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Neurorights in question: rethinking the concept of mental integrity
  1. Jennifer Blumenthal-Barby1,
  2. Peter Ubel2
  1. 1Center for Medical Ethics and Health Policy, Baylor College of Medicine, Houston, Texas, USA
  2. 2Duke University, Durham, North Carolina, USA
  1. Correspondence to Dr Jennifer Blumenthal-Barby, Center for Medical Ethics and Health Policy, Baylor College of Medicine, Houston, Texas, USA; Jennifer.blumenthal-barby{at}


The idea of a ‘right to mental integrity’, sometimes referred to as a ‘right against mental interference,’ is a relatively new concept in bioethics, making its way into debates about neurotechnological advances and the establishment of ‘neurorights.’ In this paper, we interrogate the idea of a right to mental integrity. First, we argue that some experts define the right to mental integrity so broadly that rights violations become ubiquitous, thereby trivialising some of the very harms the concept is meant to address. Second, rights-based framing results in an overemphasis on the normative importance of consent, implying that neurointerventions are permissible in cases where people consent to have their mental states influenced or read off, a confidence in consent that we argue is misguided. Third, the concept often collapses the ethics of brain inputs and brain outputs, potentially resulting in a loss of important conceptual nuance. Finally, we argue that the concept of a right to mental integrity is superfluous—what is wrong with most violations of mental integrity can be explained by existing concepts such as autonomy, manipulation, privacy, bodily rights, surveillance, harm and exploitation of vulnerabilities. We conclude that bioethicists and policy-makers ought to either make use of these concepts rather than arguing for the existence of a new right, or they need to avoid making rights violations ubiquitous by settling on a narrower and more rigorous definition of the right.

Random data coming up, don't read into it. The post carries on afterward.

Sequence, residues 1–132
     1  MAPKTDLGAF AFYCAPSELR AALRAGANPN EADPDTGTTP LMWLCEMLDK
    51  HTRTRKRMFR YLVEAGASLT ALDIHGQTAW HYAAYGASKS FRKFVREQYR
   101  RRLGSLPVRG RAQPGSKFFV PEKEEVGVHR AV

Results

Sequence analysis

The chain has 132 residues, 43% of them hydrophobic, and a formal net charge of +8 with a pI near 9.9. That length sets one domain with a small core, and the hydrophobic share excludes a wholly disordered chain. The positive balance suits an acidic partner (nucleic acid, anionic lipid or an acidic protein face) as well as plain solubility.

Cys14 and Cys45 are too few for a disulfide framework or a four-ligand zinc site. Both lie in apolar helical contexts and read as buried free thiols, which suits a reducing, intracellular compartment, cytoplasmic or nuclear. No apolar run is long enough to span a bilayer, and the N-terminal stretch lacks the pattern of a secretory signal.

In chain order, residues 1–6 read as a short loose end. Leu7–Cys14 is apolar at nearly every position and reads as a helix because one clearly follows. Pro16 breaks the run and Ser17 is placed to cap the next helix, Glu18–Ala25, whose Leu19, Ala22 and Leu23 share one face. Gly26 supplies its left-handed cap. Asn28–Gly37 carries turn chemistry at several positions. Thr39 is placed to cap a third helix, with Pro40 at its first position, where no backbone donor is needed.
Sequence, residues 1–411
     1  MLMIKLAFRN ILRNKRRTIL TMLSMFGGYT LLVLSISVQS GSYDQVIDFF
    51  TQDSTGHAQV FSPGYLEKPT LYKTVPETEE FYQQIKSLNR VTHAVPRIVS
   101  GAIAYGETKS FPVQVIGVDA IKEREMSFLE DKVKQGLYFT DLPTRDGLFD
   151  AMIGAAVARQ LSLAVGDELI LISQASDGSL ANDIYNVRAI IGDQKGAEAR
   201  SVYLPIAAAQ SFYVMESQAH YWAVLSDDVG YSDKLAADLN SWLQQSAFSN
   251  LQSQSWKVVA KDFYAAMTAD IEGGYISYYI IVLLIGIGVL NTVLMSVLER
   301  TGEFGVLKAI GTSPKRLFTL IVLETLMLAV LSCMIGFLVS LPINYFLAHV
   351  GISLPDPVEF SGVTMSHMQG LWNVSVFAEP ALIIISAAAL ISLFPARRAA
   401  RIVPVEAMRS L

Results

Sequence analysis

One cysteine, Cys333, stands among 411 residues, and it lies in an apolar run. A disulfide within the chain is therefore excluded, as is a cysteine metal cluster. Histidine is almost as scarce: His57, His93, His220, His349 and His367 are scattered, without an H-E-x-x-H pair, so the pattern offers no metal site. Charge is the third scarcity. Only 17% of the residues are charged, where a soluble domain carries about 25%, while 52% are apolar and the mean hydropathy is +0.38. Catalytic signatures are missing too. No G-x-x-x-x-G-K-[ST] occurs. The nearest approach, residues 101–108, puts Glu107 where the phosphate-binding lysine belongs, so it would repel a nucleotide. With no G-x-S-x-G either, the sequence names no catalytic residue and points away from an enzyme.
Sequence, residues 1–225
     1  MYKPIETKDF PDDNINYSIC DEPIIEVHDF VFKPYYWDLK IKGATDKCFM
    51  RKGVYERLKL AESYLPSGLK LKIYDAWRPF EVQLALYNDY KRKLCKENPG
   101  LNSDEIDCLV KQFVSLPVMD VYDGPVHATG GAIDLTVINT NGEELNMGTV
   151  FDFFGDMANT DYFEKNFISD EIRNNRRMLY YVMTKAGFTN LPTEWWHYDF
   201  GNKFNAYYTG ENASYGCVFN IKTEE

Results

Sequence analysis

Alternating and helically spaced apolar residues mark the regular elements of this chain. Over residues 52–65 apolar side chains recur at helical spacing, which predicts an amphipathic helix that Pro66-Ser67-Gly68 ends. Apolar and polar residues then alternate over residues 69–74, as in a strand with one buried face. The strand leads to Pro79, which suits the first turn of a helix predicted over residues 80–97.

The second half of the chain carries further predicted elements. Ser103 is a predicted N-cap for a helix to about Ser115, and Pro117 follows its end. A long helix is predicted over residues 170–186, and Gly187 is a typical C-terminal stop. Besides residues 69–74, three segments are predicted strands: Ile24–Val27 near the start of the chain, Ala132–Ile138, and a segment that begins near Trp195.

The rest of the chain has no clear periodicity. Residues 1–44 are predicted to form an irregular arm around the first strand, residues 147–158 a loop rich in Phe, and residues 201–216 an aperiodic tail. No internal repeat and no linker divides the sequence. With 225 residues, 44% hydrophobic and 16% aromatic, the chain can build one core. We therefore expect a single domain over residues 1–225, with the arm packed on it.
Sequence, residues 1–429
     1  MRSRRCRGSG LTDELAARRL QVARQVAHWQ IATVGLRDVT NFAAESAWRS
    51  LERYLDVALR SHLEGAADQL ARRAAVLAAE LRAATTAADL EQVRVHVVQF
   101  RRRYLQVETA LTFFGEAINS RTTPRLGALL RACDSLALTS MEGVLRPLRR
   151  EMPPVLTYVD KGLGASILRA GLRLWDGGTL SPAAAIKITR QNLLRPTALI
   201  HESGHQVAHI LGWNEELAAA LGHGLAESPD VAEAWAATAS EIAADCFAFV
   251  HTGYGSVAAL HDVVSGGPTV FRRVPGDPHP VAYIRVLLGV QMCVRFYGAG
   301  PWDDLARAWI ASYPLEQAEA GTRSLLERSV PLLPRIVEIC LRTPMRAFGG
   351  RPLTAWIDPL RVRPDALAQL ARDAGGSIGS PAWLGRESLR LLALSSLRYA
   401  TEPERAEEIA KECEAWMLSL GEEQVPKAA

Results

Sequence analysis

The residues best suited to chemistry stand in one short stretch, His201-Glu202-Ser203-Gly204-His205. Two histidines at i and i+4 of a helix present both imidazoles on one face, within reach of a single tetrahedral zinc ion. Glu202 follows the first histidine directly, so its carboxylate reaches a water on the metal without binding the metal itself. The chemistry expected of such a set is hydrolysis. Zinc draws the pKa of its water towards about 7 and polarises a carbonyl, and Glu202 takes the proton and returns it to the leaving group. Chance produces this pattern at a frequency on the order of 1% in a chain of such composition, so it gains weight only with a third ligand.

• Ethics
  • Neuroimaging
  • Philosophy
  • Psychology

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  • Contributors Both authors (JBB and PU) contributed to conceptualising and writing. JBB is the guarantor of this work.

  • Funding The authors have not declared a specific grant for this research from any funding agency in the public, commercial or not-for-profit sectors.

  • Competing interests None declared.

  • Provenance and peer review Not commissioned; externally peer reviewed.